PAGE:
Lucky Ali On Making Music And Why He Hasn’t Released An Album Since 2011, Film Companion
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At Day 1 of the TimeOut72 music festival in Goa, Lucky Ali was one of the most interesting names on the roster. The musician played to a crowd of youngsters, effectively creating an ambiance of nostalgia as he crooned some of his biggest hits like Ek Pal Ka Jeena, O Sanam and Na Tum Jaano Na Hum. Ali, who is based out of Bengaluru, keeps himself busy with organic farming and is working towards creating a sustainable infrastructure for waste management.

We caught up with the musician backstage where he spoke about why it’s been 6 years since his last album release and what he thinks about today’s film music:

On performing for a young audience

I couldn’t see them. I can’t see them. I don’t know if they’re young or old. I just get a vibe. And then I’m just reacting to that vibe and that’s my performance.

On staying grounded despite success

I don’t really consider myself successful in that way. I consider myself to be loved. And for me that is success. That someone can smile at you and connect with you. My father (comic legend Mehmood) was very down-to-earth and he saw to it that I do the same. There were no favours that my father did for me. In fact, my father had written me off because he felt I was bekaar, that I was not doing anything. He was very disillusioned with me.

I have worked in different places in the world and with different kinds of people. Starting with our own people, then I went abroad. It’s how you try to balance it. If you go extreme to one side, you unbalance your ship. The waves teach you to stay in control because the wave is more powerful than you.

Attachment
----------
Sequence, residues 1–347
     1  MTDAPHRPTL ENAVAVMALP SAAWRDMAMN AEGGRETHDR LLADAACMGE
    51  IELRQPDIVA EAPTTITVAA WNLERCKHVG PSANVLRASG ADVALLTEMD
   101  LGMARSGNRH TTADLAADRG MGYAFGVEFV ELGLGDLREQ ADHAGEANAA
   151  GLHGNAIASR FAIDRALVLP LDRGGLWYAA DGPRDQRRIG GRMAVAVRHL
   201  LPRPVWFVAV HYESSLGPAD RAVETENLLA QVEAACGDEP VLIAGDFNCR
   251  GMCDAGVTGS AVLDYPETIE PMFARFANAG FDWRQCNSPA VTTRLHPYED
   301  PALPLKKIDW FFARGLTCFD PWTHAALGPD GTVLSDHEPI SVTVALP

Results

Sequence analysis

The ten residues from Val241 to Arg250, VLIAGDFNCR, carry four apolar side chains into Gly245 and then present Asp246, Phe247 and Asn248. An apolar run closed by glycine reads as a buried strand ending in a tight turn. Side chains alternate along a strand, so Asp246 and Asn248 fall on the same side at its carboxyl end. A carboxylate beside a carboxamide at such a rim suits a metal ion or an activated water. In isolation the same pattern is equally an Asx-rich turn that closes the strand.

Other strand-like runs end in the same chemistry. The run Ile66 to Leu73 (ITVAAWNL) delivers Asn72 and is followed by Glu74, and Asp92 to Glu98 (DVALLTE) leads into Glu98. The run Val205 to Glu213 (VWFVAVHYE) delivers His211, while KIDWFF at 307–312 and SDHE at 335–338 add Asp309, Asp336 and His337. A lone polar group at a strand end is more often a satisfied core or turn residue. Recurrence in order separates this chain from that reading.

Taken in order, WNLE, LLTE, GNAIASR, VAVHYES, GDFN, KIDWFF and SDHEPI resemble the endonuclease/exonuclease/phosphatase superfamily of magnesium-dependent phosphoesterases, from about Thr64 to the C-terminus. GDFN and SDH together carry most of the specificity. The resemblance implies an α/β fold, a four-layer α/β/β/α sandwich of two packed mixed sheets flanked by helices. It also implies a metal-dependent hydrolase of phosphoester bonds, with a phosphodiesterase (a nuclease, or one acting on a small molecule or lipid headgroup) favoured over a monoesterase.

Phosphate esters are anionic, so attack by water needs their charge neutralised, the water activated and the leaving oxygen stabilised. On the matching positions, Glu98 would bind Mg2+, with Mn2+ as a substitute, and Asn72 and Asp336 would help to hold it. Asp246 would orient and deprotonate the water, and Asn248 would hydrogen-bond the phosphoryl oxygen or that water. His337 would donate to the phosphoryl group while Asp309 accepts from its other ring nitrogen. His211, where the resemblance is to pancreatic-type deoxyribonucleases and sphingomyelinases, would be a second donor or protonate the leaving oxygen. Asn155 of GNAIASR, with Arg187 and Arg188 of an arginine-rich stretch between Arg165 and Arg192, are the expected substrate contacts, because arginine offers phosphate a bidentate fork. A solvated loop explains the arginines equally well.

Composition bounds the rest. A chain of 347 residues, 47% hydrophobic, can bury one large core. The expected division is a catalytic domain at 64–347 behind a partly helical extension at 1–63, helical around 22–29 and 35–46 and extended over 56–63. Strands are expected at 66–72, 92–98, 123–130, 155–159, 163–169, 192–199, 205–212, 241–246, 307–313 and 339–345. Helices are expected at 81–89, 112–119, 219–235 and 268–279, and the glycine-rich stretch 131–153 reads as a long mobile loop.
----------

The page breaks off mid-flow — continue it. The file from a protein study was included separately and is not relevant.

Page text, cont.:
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On difference between working for films vs. doing independent music

I don’t do many films. It’s not my space. What do I do there? It’s probably giving me some money. But apart from that, it’s not really helping me to grow.

On why he hasn’t released an album since 2011

Companies have changed. I don’t like to work with companies anymore. I think I was one of the first people to have worked with a company. I don’t like the idea of a company not doing its part for you.

On what he thinks of today’s film music

You can say they’ve all gone for a nice trip. The music is still here. Let them enjoy what they’re enjoying. They’ll learn and they’ll come back and they’ll understand that sab toh yahi hain.

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On the importance of education in music

Study till it suits you. Most of it is work with yourself. There are certain things that are basic. And it’s from the basic that you have to build up. It’s what you put into it, that’s what comes out. Music is so free-flowing. There’s no strictly that or strictly this. For me, it’s a culmination of a whole lot of energies.

What he does in his spare time

I like to travel. I like solitude a lot. Farming helps me bring meaning to isolation. There’s this music project that we’ve done with Israel. I like seeing the children growing. I hope that I can inculcate good energies in their lives.

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